Like it or not, pandemic drive-in entertainment is the future of fun



“You can’t just walk out of a drive-in,” Danny Zuko shouts after his love-interest Sandy as she flees his advances in the 1978 classic, Grease.

Surrounded on all sides by parked cars at a Monday night screening of the musical hit in Blackheath, south London, the words really hit home.

I’m at @TheDriveIn, an event set to tour 13 locations across the UK in as many weeks. During lockdown, nine new drive-in screens (The Drive-In Club, Adventure Drive-In, The Drive In, et cetera) popped up in London alone as film exhibitors and events companies pivoted their operations to accommodate social distancing rules.

The pandemic lockdown has hit the film sector hard, leading to shuttered cinemas, delayed releases and a box office slump. Though cinemas were given the green light to reopen from July 4, most are electing to stay shut for a few more weeks. Research by the Independent Cinema Office found the majority of smaller screens won’t be able to open until September.

In the meantime drive-in has been heralded as a panacea for cinema’s woes – or at least a stop-gap until the sector gets back on its feet. But without new releases, entertainment-starved Brits are making do with a drive-in lineup of goofy classics, or pre-pandemic blockbuster releases.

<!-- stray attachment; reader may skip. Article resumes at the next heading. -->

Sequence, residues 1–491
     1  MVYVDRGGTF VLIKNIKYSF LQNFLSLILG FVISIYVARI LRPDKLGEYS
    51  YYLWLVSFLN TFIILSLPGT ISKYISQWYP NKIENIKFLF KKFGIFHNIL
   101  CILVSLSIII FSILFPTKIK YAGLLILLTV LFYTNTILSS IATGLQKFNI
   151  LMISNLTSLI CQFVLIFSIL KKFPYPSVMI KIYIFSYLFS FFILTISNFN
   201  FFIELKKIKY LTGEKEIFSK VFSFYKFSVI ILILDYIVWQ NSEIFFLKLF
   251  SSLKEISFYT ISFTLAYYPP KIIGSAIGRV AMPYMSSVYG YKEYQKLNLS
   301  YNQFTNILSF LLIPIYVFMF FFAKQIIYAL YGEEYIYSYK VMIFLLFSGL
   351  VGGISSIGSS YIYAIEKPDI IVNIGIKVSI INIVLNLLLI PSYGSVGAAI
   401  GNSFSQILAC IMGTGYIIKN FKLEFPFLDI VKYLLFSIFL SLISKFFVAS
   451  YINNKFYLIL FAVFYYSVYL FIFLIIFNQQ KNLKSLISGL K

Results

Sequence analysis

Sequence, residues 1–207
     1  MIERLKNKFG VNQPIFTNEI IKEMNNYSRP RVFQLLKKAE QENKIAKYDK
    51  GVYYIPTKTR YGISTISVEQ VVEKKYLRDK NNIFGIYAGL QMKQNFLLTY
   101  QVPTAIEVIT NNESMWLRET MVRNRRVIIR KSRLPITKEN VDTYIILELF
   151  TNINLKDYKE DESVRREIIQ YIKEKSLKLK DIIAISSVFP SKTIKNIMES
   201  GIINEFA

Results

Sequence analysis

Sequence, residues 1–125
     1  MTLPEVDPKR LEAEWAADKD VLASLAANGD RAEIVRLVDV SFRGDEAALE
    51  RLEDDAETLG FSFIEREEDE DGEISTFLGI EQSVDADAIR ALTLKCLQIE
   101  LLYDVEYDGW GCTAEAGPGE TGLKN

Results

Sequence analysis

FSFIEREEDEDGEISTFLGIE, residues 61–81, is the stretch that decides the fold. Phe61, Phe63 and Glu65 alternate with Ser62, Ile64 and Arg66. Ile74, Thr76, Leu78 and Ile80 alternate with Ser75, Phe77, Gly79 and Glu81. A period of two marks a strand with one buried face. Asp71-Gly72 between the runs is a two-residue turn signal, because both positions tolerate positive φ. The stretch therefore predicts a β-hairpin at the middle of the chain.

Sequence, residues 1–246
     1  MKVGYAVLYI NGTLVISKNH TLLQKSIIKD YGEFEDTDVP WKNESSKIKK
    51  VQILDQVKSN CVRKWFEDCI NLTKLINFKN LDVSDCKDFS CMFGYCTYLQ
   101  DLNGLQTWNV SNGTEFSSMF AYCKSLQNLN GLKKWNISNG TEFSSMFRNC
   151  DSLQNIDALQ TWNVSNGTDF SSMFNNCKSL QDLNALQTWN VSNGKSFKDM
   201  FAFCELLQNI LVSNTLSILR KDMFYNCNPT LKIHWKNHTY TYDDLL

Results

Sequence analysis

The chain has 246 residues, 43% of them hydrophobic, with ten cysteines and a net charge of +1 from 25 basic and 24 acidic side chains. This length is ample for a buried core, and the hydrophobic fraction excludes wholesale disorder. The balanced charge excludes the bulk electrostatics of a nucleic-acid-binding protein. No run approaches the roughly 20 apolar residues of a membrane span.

Through the window of my borrowed car, I make somewhat awkward eye contact with a fellow driver before a masked Just Eat employee delivers the chicken strips I ordered by scanning a QR code on a sign beside the car window. My dinner is safely conveyed to me on a bright orange tray.

While Travolta gyrates on the LED screen overhead, his voice seems oddly close, emanating from the portable FM radio – also delivered on an orange tray – perched on the dashboard. The sound is good, as is the chicken, and it’s a relief to be out of the flat, despite the hours spent in traffic to reach Greenwich. But I can’t hear the popcorn crunching, the coughs, or hushed mutters of anticipation. This is not cinema.

Recreating the cinema experience was not Alan Crofton’s intention. Usually festival director for Mainstage Festivals, the events specialist behind @TheDriveIn, Crofton only focused his efforts on drive-in after his summer schedule of festivals fell through. “Initially we were just trying a little project and to be honest it’s completely spiralled,” he says. The first round of tickets for the London events sold out in 55 seconds. “It just showed that it was the right thing for us to do and that people are ready to get out again.”

Crofton created @TheDriveIn as a night out, replete with stand-up comedy, ‘caraoke’ and roller skating waitstaff. “Over the years we’ve seen, pop-up cinemas, rooftop cinemas, and various other things, so why not have drive-ins?” says Crofton. The pivot to drive-in ensured his staff and freelancers were kept in work, he says.

A survey conducted by Bectu, the broadcasting and entertainment union, in March found that 71 per cent of freelancers working in the creative industries feared they wouldn’t be able to pay their bills because of the work they have lost due to the coronavirus. Some respite has appeared in the shape of a £1.5 billion rescue fund chancellor Rishi Sunak announced On July 5.

Other areas of the entertainment business are cottoning on to the drive-in opportunity. On the slate this summer are drive-in musical theatre performances, a stand-up comedy club, drag shows, plus an extensive calendar of musical acts from Live Nation.